Yoga, Authenticity and Authority
One of the ways that an advanced state of yoga is described is as kaivalya – to stand alone: to be in a state of ‘all-one-ness’. Not lonely, but whole and integrated. The more we can establish ourselves in such a place, the easier it is to act authentically, attuned to the guidance of the pilot of our conscience; less impeded, influenced or swayed by the accumulated veilings of our conditioned ideas.
A foundational teaching in yoga – from Kṛṣṇa in the Bhagavad Gītā – is that what we do and how we do it is basically up to us. Our actions are our responsibility. At the same time, we have no control over the outcomes or fruits of our actions. Still, we do know from experience that certain types of action tend to bring ‘bitter fruit’ or ‘barren harvests’. With practice, when we pay closer attention, we may notice that when we act from a place of confused motivation, it tends to bring more confusion; when we act from a place of pain and woundedness, it tends to beget more pain. So, even though we have no control over outcomes, we can still learn from experience and take care to avoid needless suffering. And, we have to act. No one rests outside the field of action even for a moment. The mere maintenance of our bodily existence obliges us to act.
Action is inevitable
When something is inevitable, the yoga teachings urge us to be with it as skilfully as possible. If something is inevitable, no point getting down about it. That will just reduce our chance of navigating the situation as well as we might. So yoga tells us: whatever comes, meet it as best you can, with steady presence, with the most balance you can muster. As far as possible, meet it with even-sightedness, resisting the tendency to lapse into prejudiced patterns of perception. Set yourself up to engage as skilfully as is possible.
We often have a lot more agency than we allow ourselves to admit.
Yoga reminds us that our life, our experience, is our responsibility.
We never know what life will bring to us, but we can, at least to some degree, determine how we meet it.
Yoga urges us to be the author of our own life. To let our life be an authentic expression of our uniqueness. Yoga urges us to practice authenticity, to live in true, authentic rhythm, respecting the cycles and seasons of life, working with nature, within and around us, to do our dharma, the action that supports lokasaṅgraha, the wellbeing of the whole.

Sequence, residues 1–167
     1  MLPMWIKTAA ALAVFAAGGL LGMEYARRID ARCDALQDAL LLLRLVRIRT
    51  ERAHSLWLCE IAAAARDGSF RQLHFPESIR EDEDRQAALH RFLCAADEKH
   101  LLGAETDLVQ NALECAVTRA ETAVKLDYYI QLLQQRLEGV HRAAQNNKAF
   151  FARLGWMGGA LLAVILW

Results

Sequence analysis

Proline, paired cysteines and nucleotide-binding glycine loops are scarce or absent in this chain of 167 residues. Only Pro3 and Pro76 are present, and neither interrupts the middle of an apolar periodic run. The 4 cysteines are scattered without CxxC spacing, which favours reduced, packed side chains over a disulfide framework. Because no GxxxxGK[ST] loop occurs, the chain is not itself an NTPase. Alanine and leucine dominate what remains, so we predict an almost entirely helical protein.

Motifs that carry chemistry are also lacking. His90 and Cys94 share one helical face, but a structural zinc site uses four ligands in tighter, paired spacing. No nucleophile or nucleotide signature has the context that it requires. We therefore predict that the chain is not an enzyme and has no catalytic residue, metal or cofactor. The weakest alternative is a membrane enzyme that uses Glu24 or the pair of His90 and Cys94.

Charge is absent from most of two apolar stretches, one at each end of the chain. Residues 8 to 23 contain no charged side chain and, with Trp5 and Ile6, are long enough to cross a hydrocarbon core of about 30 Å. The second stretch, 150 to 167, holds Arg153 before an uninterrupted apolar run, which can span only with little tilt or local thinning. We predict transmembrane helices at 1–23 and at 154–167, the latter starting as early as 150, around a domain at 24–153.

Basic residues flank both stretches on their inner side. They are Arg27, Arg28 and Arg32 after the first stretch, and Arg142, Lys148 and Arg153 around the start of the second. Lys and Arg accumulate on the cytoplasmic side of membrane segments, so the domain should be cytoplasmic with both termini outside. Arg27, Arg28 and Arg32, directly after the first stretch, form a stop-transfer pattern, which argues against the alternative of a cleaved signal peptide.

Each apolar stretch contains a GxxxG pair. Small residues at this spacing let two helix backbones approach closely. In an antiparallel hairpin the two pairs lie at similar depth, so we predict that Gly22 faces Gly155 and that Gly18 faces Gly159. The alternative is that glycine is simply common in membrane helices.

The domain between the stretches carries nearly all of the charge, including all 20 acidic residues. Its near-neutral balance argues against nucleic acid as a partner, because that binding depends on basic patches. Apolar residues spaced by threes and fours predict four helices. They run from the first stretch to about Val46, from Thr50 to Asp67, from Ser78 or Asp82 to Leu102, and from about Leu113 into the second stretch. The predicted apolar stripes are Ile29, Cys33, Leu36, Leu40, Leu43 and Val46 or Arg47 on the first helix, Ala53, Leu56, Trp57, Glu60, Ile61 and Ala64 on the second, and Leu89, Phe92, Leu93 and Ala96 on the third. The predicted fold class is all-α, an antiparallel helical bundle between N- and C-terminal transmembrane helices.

When we practice, we may realise that sometimes, perhaps often, we are not really the author of our own lives, we are not claiming authorship as wholly as we might. Sometimes, we may be a ‘co-author’, our decisions and apparent ‘choices’ being significantly influenced by parental, familial, or societal forces. And sometimes, we may even abdicate authorship altogether, lapsing into autopilot, or a less conscious place, where we are just a minor character in a narrative foisted upon us by the influences and currents of the time: of the people, media, and advertising around us, and by the inertia of our accumulated habits and conditionings.
Yoga reminds us
You are the sovereign of your life. A famous proverb in Sanskṛt states that the sovereign is not shaped by the time, but rather the sovereign shapes the time. Yes, we are each a small speck in the cosmos. We can perhaps only be a co-author, with the larger forces of Nature, life, existence. Nonetheless, when we claim responsibility, when we accept that we are each the captain of the ship in the journey of our own life, we can strengthen our authority and our authenticity.
As we practice living the authentic expression of our soul’s deep calling, we can become more established on the ‘seat’ or ‘āsana’ of yoga: a steady, sustainable, easeful place of self-trust and authentic expression, of authority for our own experience.
And this is part of what Kṛṣṇa in the Bhagavad Gītā teaches us as he explains karma yoga, the yoga of action: the practical way to, as best we can, make all that we do dharma – the action that supports lokasaṅgraha – the wellbeing of the whole: of all parts of ourselves, of all parts of the field of our experience, and beyond.
James Boag | Whole Life Yoga
The yoga of the whole human being. Practical philosophy, storytelling, movement, inquiry, looking in ways that reach beyond our habitual ways of looking.
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